More than just the selectors’ minds, Sachin would have learnt, over the past week specially, that even those in the Board who had specifically sanctioned Azhar’s ouster had been “won” over by the former captain who is two shy of 100 Tests.
Last Sunday, The Telegraph had reported that the Board would brush aside any move from either Sachin or Kapil, or both, to resist Azhar’s return in particular. According to sources, if it came to that, the duo would have been informed they were welcome to quit.
Nobody with even a modicum of self-respect would accept that. Indeed, late tonight, Kapil tore into the Board, saying he had been “humiliated”.
Then, besides having to constantly deal “delicately” in the dressing room, Sachin, specially, would have had little face to show some of the other seniors.
Actually, he could well have been asked: “If you’re accepting Azhar now, why didn’t you do so before the tri-series in Australia?” Incidentally, quite a few seniors won’t be too enthused by Azhar’s return.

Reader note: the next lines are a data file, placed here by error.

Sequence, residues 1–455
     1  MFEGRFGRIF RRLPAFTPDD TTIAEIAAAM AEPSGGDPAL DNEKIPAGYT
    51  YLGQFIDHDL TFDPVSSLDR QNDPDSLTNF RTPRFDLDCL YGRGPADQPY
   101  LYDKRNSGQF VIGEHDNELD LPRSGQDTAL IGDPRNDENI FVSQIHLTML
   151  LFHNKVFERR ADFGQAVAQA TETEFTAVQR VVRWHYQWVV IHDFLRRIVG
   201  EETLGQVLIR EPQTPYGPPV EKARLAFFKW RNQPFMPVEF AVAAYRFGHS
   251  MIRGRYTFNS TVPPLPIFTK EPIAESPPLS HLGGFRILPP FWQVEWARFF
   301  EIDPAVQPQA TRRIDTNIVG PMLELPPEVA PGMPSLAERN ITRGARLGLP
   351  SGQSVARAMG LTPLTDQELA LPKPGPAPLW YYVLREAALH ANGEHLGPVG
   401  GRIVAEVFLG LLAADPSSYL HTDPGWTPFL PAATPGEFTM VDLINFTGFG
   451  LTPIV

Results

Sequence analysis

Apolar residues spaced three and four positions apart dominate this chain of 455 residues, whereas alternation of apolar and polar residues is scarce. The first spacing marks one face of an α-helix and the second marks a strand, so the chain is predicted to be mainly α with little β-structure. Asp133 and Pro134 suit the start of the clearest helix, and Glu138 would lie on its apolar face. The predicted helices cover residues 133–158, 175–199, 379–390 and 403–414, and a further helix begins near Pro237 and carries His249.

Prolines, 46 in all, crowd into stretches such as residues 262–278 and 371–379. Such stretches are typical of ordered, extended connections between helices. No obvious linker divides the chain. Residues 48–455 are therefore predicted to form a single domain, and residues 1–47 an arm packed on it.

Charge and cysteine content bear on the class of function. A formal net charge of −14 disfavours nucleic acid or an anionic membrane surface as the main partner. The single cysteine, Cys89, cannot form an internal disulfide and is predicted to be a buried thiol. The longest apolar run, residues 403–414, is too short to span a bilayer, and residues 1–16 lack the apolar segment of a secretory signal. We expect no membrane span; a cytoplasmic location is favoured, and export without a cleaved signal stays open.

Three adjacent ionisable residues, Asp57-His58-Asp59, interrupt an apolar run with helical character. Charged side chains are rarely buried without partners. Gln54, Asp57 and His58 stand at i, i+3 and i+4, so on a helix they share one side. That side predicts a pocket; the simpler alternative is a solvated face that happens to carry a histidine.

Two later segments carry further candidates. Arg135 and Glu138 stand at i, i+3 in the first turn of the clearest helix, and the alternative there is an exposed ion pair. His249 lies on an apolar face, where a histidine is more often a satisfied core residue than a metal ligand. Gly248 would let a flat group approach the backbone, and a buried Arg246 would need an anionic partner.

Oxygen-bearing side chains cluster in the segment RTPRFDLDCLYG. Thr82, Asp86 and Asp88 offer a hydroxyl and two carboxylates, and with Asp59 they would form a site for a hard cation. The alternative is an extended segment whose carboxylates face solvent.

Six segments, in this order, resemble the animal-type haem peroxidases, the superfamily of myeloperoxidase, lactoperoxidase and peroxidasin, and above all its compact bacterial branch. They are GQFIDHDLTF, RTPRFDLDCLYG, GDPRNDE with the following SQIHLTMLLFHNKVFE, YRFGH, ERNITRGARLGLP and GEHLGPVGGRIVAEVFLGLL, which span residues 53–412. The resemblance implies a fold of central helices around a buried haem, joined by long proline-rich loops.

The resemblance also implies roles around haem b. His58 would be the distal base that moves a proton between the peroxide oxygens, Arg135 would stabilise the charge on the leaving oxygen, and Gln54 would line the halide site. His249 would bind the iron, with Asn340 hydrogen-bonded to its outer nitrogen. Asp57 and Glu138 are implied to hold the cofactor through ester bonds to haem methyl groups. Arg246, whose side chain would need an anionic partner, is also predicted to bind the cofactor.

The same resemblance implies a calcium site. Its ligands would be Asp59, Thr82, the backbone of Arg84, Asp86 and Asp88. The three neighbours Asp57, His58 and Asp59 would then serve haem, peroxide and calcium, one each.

Not many months ago, some of the Board’s most influential members had themselves persuaded a reluctant Sachin to accept the captaincy, for the second time, and even convinced Kapil to come on board.
Now that India will have a different captain for the ODIs against South Africa (March 9-19), much of the attention will be on Sourav Ganguly, vice-captain in Australia.
Logically, Sourav should get the top job — an assignment he handled with aplomb in last September’s outings in Toronto — but a certain Ajay Jadeja may also fancy his chance.
When 37-year-olds make a comeback, a captain is made to feel terribly uncomfortable and a living legend gets humiliated, anything is possible.
Her time in power was surely ticking away, but would the clocks deprive her of this last appearance on stage too? Former state Rashtriya Janata Dal president, revenue minister and candidate from Bochaha, Ramai Ram, was disconsolate. “Where is she? Where is she? Time is running out.”
Ramai Ram is on a better wicket in this election than most of his RJD colleagues but ending the campaign with the chief minister’s meeting was to be the icing on his campaign: he did not want to be robbed of it. He was like a keyed up toy, pacing up and down the dais.